In mainland Europe the British are seen as the leading innovators in the private label market. British food and drink manufacturers are admired for their development, while the private label model cultivated by the retailers is one coveted by European category managers.

Where own label was once only useful as a lower price option, British retailers have built on their loyal customer following to develop this into a wider category. The introduction of premium products, such as the Taste the Difference, So Good and Finest ranges, and products that cater to specific market segments, including low fat or organic own label, has increased the value of the sector. And with the British market worth $13.9bn, it is no wonder that European retailers look to the UK for ideas and suppliers.

With the growing need for 'owner­ship' of suppliers and the restrictions now imposed by UK supermarkets, opportunities for British private label food and drink manufacturers within Britain are becoming increasingly limited, but there has never been a better time for private label suppliers to look across the channel for new opportunities.

However, it would seem that British manufacturers are so focused on their home market that they are not willing to look further afield. ­Although we often bring retailers and category developers from The Netherlands to Britain to help them identify private label opportunities and meet with British suppliers, many retailers have yet to receive a visit from a British supplier.

Alongside Belgium, Germany and France, The Netherlands is a key market for private label manu­facturers. While many European countries are years behind the UK in terms of own label development, Dutch retailers have been following a similar path to the British super­markets over the past few years by copying the own label premium ranges. Dutch consumers no ­longer see own label as just a price differentiator; many accept that private label goods not only represent value for money but are also synonymous with quality and innovation.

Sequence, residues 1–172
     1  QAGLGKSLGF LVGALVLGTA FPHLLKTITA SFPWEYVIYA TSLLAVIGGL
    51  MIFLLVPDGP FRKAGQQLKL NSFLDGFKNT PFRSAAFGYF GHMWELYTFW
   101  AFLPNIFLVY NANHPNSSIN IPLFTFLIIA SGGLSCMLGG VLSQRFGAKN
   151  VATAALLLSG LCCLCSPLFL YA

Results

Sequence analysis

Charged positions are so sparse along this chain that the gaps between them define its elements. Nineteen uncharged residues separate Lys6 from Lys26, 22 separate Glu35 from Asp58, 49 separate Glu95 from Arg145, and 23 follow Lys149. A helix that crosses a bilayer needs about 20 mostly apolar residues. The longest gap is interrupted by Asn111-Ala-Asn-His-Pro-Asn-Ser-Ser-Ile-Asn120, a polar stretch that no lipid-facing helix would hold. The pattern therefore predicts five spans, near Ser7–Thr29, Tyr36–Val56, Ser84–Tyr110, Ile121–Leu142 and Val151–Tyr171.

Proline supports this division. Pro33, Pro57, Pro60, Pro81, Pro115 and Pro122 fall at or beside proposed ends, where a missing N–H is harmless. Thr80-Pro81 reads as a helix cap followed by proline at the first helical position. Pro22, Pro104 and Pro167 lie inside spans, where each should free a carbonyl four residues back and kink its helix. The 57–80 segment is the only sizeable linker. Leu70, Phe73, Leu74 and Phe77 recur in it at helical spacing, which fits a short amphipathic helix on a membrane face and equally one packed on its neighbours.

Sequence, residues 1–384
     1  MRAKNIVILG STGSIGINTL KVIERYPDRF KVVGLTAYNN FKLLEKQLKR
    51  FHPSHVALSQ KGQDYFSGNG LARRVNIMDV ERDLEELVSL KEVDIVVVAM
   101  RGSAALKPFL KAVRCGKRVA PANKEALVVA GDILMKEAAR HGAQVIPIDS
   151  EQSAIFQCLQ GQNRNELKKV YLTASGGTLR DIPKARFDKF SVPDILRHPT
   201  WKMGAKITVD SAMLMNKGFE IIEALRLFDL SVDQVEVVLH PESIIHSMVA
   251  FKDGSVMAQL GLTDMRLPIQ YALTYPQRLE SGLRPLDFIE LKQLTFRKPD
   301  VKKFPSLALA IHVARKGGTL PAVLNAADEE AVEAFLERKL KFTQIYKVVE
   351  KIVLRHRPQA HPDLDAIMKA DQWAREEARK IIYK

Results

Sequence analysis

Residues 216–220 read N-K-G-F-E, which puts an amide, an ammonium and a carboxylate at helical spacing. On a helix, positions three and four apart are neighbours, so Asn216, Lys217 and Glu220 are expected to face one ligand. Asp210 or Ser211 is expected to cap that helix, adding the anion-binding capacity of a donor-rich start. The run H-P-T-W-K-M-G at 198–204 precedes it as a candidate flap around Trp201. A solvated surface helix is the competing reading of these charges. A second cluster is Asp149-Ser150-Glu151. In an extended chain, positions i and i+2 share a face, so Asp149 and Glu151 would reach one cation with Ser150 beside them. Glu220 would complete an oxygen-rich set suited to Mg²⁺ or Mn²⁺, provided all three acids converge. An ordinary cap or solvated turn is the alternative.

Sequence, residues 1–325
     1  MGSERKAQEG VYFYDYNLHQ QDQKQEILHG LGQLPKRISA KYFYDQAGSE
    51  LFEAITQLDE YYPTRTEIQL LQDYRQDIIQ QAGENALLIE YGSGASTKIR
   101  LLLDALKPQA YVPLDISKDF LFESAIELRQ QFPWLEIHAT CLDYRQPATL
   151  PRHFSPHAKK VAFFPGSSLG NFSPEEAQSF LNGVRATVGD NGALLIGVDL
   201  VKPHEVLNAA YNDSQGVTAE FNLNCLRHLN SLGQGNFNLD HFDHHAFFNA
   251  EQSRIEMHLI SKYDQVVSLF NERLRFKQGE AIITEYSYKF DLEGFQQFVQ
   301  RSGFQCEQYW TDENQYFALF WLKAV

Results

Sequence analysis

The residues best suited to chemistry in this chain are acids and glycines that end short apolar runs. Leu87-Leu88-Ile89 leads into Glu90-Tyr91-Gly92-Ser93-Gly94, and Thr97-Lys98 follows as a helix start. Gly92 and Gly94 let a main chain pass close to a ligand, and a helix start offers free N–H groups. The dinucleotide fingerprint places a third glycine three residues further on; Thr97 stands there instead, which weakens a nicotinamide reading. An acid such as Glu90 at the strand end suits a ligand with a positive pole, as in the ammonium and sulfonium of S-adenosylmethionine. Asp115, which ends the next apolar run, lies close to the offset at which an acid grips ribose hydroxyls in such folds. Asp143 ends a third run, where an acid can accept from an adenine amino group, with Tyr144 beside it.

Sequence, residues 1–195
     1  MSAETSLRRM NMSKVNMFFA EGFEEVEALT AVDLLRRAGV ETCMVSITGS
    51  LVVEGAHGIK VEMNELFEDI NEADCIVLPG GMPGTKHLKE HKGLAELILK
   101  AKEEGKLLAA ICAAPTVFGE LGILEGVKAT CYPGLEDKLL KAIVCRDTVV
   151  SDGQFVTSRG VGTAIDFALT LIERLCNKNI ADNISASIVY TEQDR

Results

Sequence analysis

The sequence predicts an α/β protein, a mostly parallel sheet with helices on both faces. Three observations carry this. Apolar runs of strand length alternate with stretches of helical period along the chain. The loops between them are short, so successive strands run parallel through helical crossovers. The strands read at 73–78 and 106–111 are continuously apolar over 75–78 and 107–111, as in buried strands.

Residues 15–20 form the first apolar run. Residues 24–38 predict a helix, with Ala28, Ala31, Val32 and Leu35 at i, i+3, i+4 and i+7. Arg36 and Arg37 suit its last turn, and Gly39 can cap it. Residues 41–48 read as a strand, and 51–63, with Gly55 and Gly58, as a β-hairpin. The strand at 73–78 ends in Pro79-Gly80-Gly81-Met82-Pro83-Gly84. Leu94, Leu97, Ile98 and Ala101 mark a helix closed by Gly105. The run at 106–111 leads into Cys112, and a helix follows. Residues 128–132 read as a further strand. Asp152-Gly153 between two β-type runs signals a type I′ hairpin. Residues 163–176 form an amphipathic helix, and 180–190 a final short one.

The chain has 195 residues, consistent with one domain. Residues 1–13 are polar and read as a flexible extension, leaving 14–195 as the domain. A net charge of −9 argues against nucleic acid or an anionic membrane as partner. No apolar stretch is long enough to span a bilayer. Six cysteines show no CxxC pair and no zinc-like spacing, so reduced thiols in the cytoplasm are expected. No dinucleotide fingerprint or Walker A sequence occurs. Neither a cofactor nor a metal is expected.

This trend is expected to con­tinue as consumer accep­tance of private label rises, supported by ­retailers who increasingly advertise and promote their own lines.

The Dutch retail scene is concentrated similarly to the UK's, with four key players that look to the UK as a business model. As in the UK, Dutch retailers are ­increasingly differen­tiating themselves on the basis of their private label offering, and private label products have evolved into strong brands in their own right. With its similarities to the UK market, The Nether­lands holds signifi­cant oppor­tu­nities, espe­cially in the ambient and chilled convenience sectors, where UK exper­tise is strongest. The highest return on investment will most likely come from ready meals, which offers retailers the opportunity to capture high margins and ­expand into a number of segments, inclu­ding low fat, ethnic or ­premium meals - growth that is underpinned by the trend towards busier lifestyles and convenience.

However, companies looking to export to The Netherlands need to invest as much time and prepa­ration in building relationships with Dutch retailers as they would in their home market. They need to seek out and work with FFB to identify Dutch retailers with a simi­lar business model to those they ­already supply in the UK.

Despite overseas buyers having positive views on UK suppliers, they are also spoilt for choice from mainland Europe, particularly the EU ­accession states.